“Unfortunately, the real minimum wage is always zero,” economist Thomas Sowell points out, “regardless of the laws, and that is the wage that many workers receive in the wake of the creation or escalation of a government-mandated minimum wage, because they either lose their jobs or fail to find jobs when they enter the labor force.”

The Congressional Budget Office has estimated that if the federal minimum wage were increased to $10.10 an hour — as proposed by President Obama and others — up to a million workers would lose their jobs.

According to the American Enterprise Institute, when the minimum wage rose 41 percent between 2007 and 2009, the jobless rate for 16- to 19-year-olds increased by 10 percentage points, from about 16 percent in 2007 to more than 26 percent in 2009 — even higher for minorities.

These are entry level jobs without which younger Americans cannot build the skills needed to earn higher pay.

Another Heritage study reported that every dollar increase in minimum wage really only raises take-home pay by 20 cents once welfare benefits are reduced and taxes are increased.

Then there are the affects on everyone. A Cato Institute analysis reports that a “comprehensive review of more than 20 minimum wage studies looking at price effects found that a 10 percent increase in the U.S. minimum wage raises food prices by up to 4 percent and overall prices by up to 0.4 percent.”

Minimage wages also tend to push younger workers with less worthy skills out of the job market, and Nevada already has the 10th highest youth unemployment rate in the nation at 13.5 percent.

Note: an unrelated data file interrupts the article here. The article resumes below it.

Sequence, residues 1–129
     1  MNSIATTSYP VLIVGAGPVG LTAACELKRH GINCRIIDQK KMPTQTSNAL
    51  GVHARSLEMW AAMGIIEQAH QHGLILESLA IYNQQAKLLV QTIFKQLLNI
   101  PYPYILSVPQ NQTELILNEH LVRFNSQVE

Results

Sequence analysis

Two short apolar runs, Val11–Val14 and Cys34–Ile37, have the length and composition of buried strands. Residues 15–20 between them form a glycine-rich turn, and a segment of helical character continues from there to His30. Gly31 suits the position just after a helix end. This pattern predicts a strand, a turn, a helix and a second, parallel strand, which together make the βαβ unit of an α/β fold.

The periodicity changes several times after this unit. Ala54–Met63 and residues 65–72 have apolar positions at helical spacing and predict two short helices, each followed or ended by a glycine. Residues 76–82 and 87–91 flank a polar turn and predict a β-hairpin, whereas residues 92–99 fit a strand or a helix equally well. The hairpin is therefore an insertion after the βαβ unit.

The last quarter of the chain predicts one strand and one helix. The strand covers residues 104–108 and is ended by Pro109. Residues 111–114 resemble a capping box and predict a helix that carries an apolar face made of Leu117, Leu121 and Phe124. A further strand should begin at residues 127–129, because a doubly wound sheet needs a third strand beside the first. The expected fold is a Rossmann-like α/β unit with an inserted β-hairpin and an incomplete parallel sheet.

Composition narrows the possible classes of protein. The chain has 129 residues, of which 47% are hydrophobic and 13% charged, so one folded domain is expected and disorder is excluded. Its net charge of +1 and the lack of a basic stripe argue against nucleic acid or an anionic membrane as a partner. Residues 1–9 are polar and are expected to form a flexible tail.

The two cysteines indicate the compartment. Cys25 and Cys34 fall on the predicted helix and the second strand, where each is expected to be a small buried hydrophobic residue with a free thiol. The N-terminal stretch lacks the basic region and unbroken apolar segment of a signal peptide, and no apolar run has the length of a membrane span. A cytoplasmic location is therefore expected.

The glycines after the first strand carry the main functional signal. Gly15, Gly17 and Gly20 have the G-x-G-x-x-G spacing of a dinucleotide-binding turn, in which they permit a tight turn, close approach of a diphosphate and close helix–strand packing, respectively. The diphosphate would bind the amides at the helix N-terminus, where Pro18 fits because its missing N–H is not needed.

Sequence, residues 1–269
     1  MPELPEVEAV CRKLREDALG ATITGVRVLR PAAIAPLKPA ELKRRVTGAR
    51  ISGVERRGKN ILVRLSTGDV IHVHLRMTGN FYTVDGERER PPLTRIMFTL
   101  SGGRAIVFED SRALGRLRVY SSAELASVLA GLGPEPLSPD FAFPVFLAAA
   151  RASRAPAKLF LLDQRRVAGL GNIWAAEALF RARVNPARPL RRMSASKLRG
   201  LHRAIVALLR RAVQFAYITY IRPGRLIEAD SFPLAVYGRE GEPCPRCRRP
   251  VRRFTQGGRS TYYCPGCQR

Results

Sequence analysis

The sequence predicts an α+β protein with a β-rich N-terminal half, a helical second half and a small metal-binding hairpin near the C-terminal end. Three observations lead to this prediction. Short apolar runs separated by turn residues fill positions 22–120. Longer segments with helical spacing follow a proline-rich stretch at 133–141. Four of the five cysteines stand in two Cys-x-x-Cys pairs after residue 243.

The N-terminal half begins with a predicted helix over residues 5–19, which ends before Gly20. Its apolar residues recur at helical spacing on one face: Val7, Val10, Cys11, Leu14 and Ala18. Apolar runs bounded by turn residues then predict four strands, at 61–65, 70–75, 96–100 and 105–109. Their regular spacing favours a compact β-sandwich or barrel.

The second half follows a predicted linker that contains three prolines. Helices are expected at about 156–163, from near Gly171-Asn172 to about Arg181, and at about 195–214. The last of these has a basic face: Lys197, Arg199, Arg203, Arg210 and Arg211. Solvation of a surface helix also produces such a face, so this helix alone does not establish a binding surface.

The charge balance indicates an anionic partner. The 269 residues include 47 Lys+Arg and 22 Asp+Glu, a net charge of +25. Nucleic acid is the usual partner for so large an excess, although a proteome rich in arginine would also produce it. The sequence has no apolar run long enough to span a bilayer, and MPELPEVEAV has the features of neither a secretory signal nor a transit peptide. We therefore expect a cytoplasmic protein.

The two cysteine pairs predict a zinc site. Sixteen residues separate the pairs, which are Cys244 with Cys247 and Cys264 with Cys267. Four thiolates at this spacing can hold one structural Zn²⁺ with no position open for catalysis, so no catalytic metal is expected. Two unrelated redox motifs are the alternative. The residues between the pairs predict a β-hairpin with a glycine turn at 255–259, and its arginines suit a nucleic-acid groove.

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19 comments on “Can lawmakers raise the minimum wage since it is ensconced in the state Constitution?

  1. Rincon says:

    If the Constitutional amendment forbids it, and it appears to do so, then one hopes that the courts would strike down any law that is in violation.

    When it comes to the idea of a minimum wage in the first place, I love it and hate it. Those who feel there is no need for it have a naive belief that the wage world is incapable if degenerating to the point that people could be forced to toil at miniscule wages just because supply becomes bigger than demand. Since this actually is occurring in over a hundred countries today, it’s hard to understand the basis for this belief.

    That being said, a minimum wage is more of a sledgehammer than a scalpel and it is true that it denies employment to some of those with little job experience, preventing many from taking the first step up the ladder. At the risk of beating a dead horse, I believe the best alternative is to change welfare laws so that people are required to work for their welfare check. The amount of a weekly welfare check might then become a de facto minimum wage, but many would opt for jobs paying less than the welfare system in order to obtain crucial experience and knowledge. The welfare system would also be tied to full time wages. After all, if someone declines full time employment, then there should be little concern that they can’t make enough to make ends meet. This means that, say, students who wish to work part time might well prefer a low paying job to being forced into full time work in order to get welfare benefits.

  2. Steve says:

    Add to that health insurance coverage. COBRA was always a joke. Medicaid as a function of unemployment benefits would make sense.

    Chronically unemployed would be covered only as long as their unemployment benefits last.
    Disabled already are covered.